Schroder said that last week’s gathering in New Orleans marked the seventh year he has brought together conservatives. He also noted that Edwards attended last year’s meeting.

“The agenda was not to align the Fiscal Hawks with the Democrats,” Schroder said. “That was the furthest thing from my mind.”

State Rep. Kirk Talbot, R-River Ridge, another Fiscal Hawk leader, also minimized the alliance. “I don’t know what the Democrats got” during the legislative session, he said.

In an interview, Edwards was quick to note what they got: “By working with the Fiscal Hawks, we were able to demand the first increase in spending in five years for public education: $69 million.” At least half of the money will raise salaries for certified classroom teachers while school districts are free to spend the rest on other needs.

In the deal, Grambling and Southern University also got about $10 million total, which was especially important to the black caucus.

“The Fiscal Hawks now know we’re trustworthy,” Edwards said. “I’ve not heard one word against us.”

Fiscal Hawks, though, have heard plenty of words against them. The Republican Party of Louisiana, staffed by Jindal loyalists, has attacked them as if they were tax-and-spend Democrats. So have conservative bloggers.

State Rep. Gordie Dove, R-Houma, a strong Jindal ally, chastised the Fiscal Hawks in private meetings in the final days of the legislative session. He said Republicans ought to work with Republicans now that they control the state Legislature for the first time since Reconstruction.

Dove kept up his criticism when asked why he didn’t attend Schroder’s meeting.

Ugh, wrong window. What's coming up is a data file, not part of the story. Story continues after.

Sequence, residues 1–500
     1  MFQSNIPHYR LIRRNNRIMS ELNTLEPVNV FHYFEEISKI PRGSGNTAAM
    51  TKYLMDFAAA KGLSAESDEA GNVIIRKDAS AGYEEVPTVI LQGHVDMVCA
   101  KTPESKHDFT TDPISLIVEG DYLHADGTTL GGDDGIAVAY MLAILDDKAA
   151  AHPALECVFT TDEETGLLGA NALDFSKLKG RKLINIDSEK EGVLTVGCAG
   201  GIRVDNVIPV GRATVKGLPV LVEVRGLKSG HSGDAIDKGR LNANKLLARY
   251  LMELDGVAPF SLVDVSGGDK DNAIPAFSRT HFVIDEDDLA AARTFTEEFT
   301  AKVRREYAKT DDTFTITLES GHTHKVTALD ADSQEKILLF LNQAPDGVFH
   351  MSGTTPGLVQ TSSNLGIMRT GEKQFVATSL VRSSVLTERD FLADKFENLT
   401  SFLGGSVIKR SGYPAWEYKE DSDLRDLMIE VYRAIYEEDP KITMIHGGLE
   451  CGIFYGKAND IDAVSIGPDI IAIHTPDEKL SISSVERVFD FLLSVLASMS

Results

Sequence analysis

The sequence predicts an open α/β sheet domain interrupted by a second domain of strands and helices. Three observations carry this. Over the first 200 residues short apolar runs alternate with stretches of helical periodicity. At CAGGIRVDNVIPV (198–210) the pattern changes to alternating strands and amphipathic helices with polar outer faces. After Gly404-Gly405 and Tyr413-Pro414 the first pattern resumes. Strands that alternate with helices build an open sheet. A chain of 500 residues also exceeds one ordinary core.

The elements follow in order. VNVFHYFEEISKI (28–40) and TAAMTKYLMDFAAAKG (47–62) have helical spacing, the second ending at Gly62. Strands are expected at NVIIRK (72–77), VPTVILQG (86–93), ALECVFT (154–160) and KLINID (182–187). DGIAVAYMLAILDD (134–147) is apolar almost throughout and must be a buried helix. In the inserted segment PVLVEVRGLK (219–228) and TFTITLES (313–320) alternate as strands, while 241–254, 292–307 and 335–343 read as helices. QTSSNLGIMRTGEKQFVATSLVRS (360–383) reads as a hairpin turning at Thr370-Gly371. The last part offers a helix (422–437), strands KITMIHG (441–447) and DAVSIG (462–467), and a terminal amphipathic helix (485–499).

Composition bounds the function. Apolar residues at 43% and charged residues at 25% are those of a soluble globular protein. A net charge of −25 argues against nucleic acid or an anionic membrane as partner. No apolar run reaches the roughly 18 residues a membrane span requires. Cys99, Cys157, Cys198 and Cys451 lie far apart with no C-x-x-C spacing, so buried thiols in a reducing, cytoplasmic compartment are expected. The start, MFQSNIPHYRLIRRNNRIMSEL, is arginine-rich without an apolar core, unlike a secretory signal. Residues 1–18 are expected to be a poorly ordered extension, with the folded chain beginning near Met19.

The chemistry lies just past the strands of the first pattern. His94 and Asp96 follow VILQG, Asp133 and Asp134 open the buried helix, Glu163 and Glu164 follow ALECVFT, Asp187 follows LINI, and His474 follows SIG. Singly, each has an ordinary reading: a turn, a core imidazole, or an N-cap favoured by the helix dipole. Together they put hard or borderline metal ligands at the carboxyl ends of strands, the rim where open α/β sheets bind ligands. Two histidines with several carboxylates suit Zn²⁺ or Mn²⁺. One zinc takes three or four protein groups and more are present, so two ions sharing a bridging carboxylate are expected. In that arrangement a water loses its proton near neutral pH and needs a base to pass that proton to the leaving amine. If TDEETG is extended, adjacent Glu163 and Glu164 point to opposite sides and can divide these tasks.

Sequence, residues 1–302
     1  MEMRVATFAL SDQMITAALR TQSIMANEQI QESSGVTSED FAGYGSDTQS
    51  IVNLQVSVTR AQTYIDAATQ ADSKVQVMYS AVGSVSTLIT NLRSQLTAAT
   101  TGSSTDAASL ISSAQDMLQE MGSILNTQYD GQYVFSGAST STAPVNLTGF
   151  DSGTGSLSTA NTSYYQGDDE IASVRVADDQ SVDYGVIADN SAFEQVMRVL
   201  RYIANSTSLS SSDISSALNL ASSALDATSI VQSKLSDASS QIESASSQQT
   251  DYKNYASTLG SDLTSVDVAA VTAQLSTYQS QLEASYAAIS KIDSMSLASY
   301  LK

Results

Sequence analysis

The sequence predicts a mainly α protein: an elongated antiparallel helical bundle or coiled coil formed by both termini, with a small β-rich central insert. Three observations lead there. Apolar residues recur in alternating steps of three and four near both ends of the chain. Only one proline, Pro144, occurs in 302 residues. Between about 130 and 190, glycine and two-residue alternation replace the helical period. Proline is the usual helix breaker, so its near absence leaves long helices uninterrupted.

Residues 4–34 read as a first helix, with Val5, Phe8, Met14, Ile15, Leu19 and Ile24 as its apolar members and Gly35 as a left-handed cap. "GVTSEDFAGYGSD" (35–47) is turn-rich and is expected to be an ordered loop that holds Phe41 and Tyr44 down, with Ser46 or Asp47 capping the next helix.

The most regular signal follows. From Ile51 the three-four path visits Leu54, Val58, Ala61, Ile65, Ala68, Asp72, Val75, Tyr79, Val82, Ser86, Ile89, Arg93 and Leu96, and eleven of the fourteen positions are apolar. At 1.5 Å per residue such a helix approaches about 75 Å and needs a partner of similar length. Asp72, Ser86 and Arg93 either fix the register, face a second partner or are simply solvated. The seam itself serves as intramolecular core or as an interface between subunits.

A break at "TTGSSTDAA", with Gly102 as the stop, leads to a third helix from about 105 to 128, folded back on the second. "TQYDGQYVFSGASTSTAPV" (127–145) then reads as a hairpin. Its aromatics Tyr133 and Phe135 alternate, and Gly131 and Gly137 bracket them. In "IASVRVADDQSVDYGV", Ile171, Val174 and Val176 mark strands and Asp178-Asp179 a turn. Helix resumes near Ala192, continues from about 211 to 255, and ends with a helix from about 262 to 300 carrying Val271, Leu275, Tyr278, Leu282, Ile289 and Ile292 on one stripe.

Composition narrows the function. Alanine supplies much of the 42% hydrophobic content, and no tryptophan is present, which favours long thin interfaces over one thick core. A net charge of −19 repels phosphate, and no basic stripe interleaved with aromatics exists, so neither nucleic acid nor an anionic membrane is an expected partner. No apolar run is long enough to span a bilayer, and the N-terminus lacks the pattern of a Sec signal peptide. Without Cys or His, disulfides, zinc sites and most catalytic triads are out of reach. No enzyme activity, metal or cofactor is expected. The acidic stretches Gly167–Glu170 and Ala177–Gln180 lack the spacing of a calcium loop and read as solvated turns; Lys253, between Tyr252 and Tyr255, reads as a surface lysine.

“John Schroder doesn’t speak for the Republican delegation,” Dove said. “I thought it was a Fiscal Hawks meeting. I will not support them. I believe they have become an entity unto themselves. They had their own meetings during the legislative session. Their direction during the last session was cutting deals with John Bel Edwards and Katrina Jackson.”

Dove noted that the Fiscal Hawks – as a counter to Jindal’s failed plan to eliminate income taxes and raise sales taxes – unsuccessfully sought to shave major business tax exemptions by 15 percent. He called that “anti-business legislation.”

In another sign of how the Fiscal Hawks have arrived as a political force, three senior gubernatorial aides attended the gathering:

  • Paul Rainwater, who is Jindal’s chief of staff

  • Tim Barfield, who is secretary of the Department of Revenue

  • John White, who is Jindal’s education superintendent.

Three former state officials discussed ways to manage the budget better:

  • Johnny Rombach, who once headed the Legislative Fiscal Office

  • Bob Keaton, who was the Senate budget director

  • Steve Winham, who was the state budget director

Schroder also got three Republican senators and one Democrat to attend:

  • Sen. Page Cortez, R-Lafayette

  • Sen. Gary Smith, D-Norco

  • Sen. Mike Walsworth, R-West Monroe

  • Sen. Conrad Appel, R-Metairie

“We talked about issues of common interest between the Senate and House,” Appel said. But there’s not much common ground. “The Senate, we’re different. We’ll do what we want to do.”